Chesapeake Bay Foundation gives media first-hand look at bay
The clouds were breaking as a group of journalists from southern Pennsylvania climbed aboard Snow Goose, a Chesapeake Bay workboat traditionally used for harvesting crabs and oysters.
As guests of the Chesapeake Bay Foundation, a conservation organization with the sole purpose of saving the bay, the journalists listened to a safety briefing by Ian Robbins, captain of the Goose and educator, before the boat launched from Havre de Grace, Maryland, to take a trip into the mouth of the Susquehanna River. Along the way, passengers saw seagulls, nesting ospreys, double-crested cormorants and a few bald eagles.
Reaching a pre-determined spot along the Susquehanna, Robbins cut the engines, and the education on the state of the bay started.
The Chesapeake Bay Agreement, a blueprint to restoring the bay, was signed in 1983, with the support of President Ronald Reagan and the Environmental Protection Agency. In the 34 years since, led by a regional partnership, the Chesapeake Bay Program, much work has been done.
In the 2016 State of the Bay report, the CBF rated the bay's health at C minus, up from the D plus in 2014 but still far from acceptable.
Rockfish populations stabilized after a 10-year decline, and the number of blue crabs grew from 297 million in 2014 to 553 million in 2016. Oysters exceeded one million bushels for the first time in 30 years.
Much of that progress occurred because the EPA provided about $73 million annually to the project, which encompasses efforts of six states — including Pennsylvania — and Washington, D.C., to coordinate science, research and cleanup efforts, in addition to grants to state and local governments for reducing pollution.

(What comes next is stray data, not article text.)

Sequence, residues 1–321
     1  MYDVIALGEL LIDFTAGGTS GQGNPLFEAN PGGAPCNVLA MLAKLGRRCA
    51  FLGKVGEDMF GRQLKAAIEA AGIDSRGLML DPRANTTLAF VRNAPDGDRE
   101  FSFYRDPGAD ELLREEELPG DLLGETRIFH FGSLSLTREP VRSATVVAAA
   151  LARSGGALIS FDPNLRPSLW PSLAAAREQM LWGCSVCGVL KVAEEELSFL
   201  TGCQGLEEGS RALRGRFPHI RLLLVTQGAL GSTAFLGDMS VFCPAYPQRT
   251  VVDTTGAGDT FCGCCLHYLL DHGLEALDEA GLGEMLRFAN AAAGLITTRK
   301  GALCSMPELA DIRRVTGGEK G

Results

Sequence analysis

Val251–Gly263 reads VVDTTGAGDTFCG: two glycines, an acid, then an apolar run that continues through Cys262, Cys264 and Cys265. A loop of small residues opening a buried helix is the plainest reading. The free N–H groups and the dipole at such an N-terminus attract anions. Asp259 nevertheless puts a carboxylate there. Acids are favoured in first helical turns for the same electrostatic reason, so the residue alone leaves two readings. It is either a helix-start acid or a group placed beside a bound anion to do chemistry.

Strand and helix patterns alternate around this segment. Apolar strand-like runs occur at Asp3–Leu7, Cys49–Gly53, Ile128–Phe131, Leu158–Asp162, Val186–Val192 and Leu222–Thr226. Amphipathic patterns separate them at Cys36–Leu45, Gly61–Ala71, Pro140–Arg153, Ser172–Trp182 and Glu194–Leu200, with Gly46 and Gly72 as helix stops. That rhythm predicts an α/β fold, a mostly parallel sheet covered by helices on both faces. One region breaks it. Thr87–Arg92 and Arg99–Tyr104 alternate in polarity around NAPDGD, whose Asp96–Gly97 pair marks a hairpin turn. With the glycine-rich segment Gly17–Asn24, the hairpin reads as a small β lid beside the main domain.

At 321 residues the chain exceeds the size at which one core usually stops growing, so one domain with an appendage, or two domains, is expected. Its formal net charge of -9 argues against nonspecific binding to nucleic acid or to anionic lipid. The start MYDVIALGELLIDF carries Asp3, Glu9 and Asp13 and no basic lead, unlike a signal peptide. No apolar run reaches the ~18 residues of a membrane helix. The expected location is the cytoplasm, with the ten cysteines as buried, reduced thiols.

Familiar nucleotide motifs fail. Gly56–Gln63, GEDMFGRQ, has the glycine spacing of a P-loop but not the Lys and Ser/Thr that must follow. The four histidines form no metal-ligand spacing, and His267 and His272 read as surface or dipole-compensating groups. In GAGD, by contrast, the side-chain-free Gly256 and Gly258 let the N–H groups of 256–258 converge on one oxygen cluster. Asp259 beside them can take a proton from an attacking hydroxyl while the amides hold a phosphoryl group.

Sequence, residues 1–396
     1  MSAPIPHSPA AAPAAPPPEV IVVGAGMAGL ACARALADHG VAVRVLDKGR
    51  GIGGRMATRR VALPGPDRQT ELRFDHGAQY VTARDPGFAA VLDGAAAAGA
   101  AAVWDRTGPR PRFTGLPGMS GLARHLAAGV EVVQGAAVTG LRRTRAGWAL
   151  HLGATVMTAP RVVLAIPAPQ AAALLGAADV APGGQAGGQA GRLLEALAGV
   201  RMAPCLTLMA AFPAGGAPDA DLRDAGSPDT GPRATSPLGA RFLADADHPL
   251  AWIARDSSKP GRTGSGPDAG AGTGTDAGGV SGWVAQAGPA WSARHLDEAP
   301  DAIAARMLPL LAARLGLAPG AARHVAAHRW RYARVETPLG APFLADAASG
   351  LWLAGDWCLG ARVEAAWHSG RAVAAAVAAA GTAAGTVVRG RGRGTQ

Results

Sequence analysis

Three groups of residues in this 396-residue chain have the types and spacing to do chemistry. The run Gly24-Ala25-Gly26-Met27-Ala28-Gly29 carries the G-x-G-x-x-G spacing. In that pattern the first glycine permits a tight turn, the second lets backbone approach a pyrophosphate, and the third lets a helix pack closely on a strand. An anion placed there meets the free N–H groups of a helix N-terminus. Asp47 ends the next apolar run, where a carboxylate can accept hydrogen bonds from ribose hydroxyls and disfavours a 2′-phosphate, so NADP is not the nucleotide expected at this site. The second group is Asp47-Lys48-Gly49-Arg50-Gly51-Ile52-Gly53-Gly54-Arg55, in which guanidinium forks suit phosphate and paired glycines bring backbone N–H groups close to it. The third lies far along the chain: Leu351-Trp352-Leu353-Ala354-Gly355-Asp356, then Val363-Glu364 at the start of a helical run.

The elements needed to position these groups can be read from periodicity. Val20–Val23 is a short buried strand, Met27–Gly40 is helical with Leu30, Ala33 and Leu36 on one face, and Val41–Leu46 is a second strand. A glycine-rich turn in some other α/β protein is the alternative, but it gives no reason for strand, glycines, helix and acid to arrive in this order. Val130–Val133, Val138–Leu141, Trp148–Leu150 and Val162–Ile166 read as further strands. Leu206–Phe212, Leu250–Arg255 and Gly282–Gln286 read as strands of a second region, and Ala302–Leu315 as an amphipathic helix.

President Donald Trump's budget proposal calls for cutting the EPA's funding by more than 30 percent, including the complete elimination of the Chesapeake Bay Program.
Harry Campbell, executive director for the Chesapeake Bay Foundation in Pennsylvania, has said he was shocked when he learned about Trump's proposal.
"This program has been a model of state and federal cooperation," he said when the budget proposal was announced. "It's working to provide real and tangible returns for cleaner water."
Aboard the Snow Goose, CBF educator Albert Leavell, skipjack program coordinator, talked about sub-aquatic grasses. A 1937 aerial survey showed nearly 200,000 acres of submerged grass beds growing in the bay.
"By 1984, we went down to about 37,000 acres of submerged aquatic vegetation," Leavell said. The aquatic grasses filter the water and provide habitat for blue crabs and spawning and feeding habitat for fish.
The Chesapeake Bay Program made it a goal, at that point, to replenish the bay to 150,000 acres of vegetation, he said.
From 1984 to 2000, the vegetation increased to about 78,000 acres, then the growth slowed to a stop for several years, Leavell said.
And then, between 2014 to 2015 it suddenly increased to 91,000 acres, "which is like a 22 percent increase in a year," Leavell said.
Most of the EPA funding for the Chesapeake Bay Program is distributed as grants for state and county agencies and nonprofits, which then support farmers and municipalities in designing and installing measures to cut down on polluted runoff. The program also provides fundamental support for water-quality monitoring of rivers and streams feeding the bay.
William Baker, CBF president, says cutting the EPA budget "makes no sense."
"We are in disbelief," he said in a news release. "The EPA's role in this cleanup is nothing less than fundamental. It's not just important, it is critical."